The punishment meted out to him is harsher than what the prosecution proposed, but is less than the maximum punishment of up to five years in prison as stipulated in the country's legislation.
Indonesia, 90 percent of whose 255 million people are Muslim, has a long tradition of pluralistic values and is home to substantial populations of Christians, Muslims and Buddhists.
The guilty verdict didn't appear to dent Ahok's popularity among many - he was apparently a selfie star with Cipinang Prison guards, some of them wearing Muslim headscarves.
"I ask that all parties respect the legal process and the verdict that was read by the panel of judges, including respecting steps taken by Basuki Tjahaja Purnama to appeal", Widodo said during a trip to the eastern province of Papua.
According to Reuters, judge Dwiarso Budi Santiarto told the south Jakarta court that Ahok was "found to have legitimately and convincingly conducted a criminal act of blasphemy".
Hardline Islamist groups initiated the process, accusing Ahok of insulting the Quran during his losing reelection bid a year ago and called for him to be arrested and tried.
As judges at the Jakarta court started recapping the evidence presented in the trial ahead of the verdict, hundreds of demonstrators wearing white Muslim skullcaps protested against Purnama outside the building Tuesday.
Outside the court supporters of Governor Ahok broke down in tears when they heard the verdict.
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It was not immediately clear if Zuma would appeal Thursday's ruling. "It is an abuse of court process", he said. The DA said it wanted the court to review and set aside Zuma's decision to dismiss Gordhan and Jonas.
"Today is one of the darkest days in Indonesia", he added.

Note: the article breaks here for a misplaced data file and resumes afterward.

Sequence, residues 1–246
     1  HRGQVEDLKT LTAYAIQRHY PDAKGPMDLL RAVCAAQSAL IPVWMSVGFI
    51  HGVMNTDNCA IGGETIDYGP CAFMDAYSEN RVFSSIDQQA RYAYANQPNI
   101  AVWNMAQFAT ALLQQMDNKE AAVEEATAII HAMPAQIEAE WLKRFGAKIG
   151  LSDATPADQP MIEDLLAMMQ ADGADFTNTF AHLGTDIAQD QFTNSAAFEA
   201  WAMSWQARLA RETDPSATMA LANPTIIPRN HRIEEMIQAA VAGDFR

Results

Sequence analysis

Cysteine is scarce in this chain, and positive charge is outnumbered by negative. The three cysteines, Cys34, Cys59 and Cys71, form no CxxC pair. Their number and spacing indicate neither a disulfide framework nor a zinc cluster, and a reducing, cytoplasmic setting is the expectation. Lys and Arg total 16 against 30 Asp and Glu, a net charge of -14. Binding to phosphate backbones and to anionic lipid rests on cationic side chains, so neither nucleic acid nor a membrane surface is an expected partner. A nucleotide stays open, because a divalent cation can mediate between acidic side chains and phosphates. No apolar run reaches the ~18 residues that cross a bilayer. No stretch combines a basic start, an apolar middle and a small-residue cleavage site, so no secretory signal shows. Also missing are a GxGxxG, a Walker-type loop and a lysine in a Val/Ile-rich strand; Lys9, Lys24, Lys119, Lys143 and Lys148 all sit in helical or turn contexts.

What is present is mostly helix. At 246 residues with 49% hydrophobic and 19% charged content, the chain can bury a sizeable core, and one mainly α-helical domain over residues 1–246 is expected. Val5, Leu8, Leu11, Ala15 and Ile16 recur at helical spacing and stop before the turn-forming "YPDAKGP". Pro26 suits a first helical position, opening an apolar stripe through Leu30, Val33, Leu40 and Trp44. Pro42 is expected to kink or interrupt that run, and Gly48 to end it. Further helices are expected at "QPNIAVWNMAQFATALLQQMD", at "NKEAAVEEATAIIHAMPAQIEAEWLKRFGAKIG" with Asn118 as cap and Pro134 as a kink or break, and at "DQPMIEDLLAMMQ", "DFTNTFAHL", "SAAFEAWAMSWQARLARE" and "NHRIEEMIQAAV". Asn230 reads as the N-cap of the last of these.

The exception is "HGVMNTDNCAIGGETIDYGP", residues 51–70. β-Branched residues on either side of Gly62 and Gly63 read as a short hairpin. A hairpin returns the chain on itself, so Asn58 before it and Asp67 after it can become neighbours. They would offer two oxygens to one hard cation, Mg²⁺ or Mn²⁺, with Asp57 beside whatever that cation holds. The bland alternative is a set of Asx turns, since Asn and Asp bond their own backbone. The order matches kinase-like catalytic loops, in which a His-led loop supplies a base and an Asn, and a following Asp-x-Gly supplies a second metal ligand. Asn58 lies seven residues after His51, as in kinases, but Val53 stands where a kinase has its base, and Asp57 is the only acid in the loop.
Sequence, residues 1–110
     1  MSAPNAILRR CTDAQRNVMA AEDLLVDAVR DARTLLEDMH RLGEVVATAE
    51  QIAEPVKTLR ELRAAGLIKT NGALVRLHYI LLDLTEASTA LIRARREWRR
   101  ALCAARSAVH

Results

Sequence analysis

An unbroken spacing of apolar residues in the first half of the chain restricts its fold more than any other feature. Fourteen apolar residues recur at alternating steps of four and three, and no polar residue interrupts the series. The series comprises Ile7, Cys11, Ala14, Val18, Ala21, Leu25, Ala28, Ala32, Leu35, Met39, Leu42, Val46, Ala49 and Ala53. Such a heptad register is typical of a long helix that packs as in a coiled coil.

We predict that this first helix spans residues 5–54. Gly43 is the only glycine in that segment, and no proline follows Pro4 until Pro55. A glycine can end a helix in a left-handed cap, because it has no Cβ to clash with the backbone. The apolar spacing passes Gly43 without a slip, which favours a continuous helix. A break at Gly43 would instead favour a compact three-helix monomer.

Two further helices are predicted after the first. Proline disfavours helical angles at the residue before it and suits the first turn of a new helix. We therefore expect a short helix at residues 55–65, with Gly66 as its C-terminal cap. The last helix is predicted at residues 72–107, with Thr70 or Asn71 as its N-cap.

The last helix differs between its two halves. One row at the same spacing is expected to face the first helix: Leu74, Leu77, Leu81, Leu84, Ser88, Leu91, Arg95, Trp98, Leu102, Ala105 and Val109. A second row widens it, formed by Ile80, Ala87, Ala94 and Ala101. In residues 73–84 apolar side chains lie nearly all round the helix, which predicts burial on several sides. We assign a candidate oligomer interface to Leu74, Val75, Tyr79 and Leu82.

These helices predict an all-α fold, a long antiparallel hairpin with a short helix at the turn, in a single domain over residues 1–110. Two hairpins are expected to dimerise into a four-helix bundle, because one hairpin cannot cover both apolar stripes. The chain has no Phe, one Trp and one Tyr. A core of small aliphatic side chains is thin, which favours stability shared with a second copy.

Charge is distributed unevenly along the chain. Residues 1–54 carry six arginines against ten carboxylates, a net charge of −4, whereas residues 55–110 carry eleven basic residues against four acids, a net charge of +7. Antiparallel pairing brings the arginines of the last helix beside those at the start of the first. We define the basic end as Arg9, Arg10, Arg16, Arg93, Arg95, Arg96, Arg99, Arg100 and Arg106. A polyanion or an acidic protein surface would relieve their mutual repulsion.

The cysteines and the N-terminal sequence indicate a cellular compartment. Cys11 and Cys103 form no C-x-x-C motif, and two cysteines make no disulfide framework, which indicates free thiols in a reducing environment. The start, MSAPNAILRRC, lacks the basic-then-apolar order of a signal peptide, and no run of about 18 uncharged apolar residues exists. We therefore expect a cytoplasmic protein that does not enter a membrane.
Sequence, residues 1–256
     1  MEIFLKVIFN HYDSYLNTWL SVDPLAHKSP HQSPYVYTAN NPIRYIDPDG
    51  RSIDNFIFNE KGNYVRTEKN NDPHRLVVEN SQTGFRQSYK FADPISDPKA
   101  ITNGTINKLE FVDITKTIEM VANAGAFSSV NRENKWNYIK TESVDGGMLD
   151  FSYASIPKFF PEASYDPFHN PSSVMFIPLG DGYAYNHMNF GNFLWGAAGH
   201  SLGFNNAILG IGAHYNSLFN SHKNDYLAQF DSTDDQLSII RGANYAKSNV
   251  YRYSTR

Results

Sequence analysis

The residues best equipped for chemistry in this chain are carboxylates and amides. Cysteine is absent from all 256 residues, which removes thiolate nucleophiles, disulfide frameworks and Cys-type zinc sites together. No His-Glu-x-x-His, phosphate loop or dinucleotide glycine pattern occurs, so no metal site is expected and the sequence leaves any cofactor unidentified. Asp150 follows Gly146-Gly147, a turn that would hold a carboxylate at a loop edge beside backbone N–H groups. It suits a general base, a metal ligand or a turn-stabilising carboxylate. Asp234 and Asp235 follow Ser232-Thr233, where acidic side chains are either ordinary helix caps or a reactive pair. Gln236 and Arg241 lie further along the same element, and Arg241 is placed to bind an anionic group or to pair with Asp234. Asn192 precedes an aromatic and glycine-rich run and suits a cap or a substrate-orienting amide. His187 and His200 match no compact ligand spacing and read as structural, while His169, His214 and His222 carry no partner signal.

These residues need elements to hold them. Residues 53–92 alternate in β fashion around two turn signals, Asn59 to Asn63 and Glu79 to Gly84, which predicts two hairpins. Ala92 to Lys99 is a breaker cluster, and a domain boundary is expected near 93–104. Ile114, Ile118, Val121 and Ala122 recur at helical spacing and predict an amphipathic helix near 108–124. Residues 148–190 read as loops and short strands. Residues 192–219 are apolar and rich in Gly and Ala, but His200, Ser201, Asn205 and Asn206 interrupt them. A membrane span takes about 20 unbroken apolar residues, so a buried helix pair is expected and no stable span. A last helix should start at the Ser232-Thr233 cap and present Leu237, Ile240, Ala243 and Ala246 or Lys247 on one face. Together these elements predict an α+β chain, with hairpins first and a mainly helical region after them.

Ahok and Djarot's term as governor and vice governor ends in October 2017.
Despite the trial, Purnama retained a loyal following in Jakarta, due to his determination to clean up the traffic-clogged and polluted city.
The verdict was met with shock among his supporters outside the court and some wept openly.
But Ahok supporter Adrian Sianturi said "this decision is the character assassination of a good governor, a clean politician who is rare in this country".
The charge related to a reference by Basuki Tjahaja Purnama - better known by his nickname Ahok - to a Quranic verse in his re-election campaign last September.
He implied that Islamic leaders were trying to trick voters by using a verse in the Koran to argue that Muslims should not vote for a non-Muslim leader. An incorrectly subtitled video of his comments later went viral, helping spark huge demonstrations that ultimately resulted in him being brought to trial. "We want to see the blasphemer of Islam in jail". The legislation was rarely used during the 32-year rule of strongman Suharto, but in recent years has been exploited to persecute minorities, rights groups say.